The book elaborates on the path of China's sustainable development, mainly proposing to change the mode of economic development by shifting economic growth through investment to consumption and increasing material consumption to improve technologies, management and the quality of workers. All such efforts would help achieve substantial change in China's economic development. The "Polluter Pay Policy" promotes a market mechanism through a third-party service for the development of environmental protection industries. Implementing the developmental concepts of Innovation, Coordination, Openness and Sharing has been effectively aligned with sustainable development in China.

China's sustainable development has made two major contributions to the UN's Sustainable Development Goals (SDGs). On one hand, the Chinese government issued the "China Progress Report on the Implementation of the 2030 Agenda for Sustainable Development (2019)." The report shows that China has made tremendous progress in health care, gender equality, and development of clean energy. From 1978 to 2018, 850 million people in China were alleviated out of poverty, contributing to more than 70% of global poverty reduction.  Additionally, China's green sustainable development will provide valuable experiences for other developing countries to promote green transformation and achieve sustainable development.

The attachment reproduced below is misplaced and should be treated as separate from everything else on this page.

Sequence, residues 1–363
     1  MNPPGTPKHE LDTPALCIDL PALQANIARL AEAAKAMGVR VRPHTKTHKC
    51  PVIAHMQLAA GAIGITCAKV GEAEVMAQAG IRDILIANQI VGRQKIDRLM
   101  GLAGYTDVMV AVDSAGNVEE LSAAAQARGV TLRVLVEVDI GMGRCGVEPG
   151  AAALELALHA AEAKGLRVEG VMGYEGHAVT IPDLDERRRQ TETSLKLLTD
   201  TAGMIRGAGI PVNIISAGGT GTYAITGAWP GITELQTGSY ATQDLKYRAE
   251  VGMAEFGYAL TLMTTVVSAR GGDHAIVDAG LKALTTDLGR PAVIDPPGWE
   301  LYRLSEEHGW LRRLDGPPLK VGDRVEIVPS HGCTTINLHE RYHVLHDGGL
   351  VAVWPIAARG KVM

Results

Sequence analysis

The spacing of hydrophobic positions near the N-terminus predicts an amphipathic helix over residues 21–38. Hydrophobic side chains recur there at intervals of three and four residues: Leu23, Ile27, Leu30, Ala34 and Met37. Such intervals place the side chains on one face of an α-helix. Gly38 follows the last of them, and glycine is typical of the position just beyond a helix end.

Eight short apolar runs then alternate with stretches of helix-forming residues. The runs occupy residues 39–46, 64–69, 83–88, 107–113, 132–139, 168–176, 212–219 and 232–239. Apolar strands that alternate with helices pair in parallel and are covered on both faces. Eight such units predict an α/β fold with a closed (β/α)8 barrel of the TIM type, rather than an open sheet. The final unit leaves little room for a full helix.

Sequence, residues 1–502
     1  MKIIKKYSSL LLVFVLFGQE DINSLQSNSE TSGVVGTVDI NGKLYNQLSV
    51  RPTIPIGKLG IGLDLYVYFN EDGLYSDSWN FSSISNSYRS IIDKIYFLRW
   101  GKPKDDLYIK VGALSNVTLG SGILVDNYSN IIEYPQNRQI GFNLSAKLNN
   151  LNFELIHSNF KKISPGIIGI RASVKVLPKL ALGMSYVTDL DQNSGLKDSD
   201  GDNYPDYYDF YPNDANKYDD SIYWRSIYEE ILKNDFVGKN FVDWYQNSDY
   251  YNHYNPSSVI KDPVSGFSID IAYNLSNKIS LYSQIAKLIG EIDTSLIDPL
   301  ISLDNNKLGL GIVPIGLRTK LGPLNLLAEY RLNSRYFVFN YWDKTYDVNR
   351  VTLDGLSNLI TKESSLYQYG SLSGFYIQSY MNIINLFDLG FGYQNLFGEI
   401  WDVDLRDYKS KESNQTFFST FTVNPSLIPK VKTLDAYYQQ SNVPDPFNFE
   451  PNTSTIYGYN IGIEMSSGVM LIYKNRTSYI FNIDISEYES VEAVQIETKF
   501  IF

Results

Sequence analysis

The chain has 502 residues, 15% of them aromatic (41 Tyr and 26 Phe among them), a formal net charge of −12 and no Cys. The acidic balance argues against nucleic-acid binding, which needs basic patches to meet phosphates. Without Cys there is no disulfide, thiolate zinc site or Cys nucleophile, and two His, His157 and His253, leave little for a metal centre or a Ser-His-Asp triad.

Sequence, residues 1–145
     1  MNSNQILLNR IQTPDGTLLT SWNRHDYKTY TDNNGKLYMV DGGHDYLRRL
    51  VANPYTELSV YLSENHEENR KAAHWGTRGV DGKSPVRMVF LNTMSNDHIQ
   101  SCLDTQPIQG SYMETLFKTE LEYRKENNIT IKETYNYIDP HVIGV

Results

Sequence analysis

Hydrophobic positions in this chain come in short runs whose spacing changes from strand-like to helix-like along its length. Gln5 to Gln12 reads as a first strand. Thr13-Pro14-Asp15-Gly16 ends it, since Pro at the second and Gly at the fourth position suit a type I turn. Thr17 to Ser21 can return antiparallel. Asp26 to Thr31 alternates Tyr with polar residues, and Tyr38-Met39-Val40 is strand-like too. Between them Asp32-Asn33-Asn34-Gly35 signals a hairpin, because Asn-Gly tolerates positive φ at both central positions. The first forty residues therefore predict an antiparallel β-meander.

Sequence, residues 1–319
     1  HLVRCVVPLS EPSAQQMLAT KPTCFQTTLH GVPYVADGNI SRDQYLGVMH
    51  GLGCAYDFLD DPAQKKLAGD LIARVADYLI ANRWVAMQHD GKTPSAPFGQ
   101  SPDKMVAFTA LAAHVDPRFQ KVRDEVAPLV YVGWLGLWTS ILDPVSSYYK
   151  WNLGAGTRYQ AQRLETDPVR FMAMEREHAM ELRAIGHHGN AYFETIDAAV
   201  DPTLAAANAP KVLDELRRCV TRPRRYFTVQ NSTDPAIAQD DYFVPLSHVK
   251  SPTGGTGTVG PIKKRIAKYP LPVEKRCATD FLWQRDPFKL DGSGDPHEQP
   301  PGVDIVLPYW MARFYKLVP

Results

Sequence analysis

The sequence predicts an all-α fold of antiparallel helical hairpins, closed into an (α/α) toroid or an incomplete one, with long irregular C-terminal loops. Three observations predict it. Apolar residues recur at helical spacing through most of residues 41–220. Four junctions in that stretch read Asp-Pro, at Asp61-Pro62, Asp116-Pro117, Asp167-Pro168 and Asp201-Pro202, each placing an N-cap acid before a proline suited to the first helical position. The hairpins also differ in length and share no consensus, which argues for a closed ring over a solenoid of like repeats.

What is the best way to measure success against these goals?

First of all, sustainable development should be achieved in the three dimensions of ecology, economy and society. The one-sided emphasis on ecological environmental protection while ignoring the basic needs of economic and social development cannot be called sustainable development. The real sustainable development should balance the relationship between development and environment.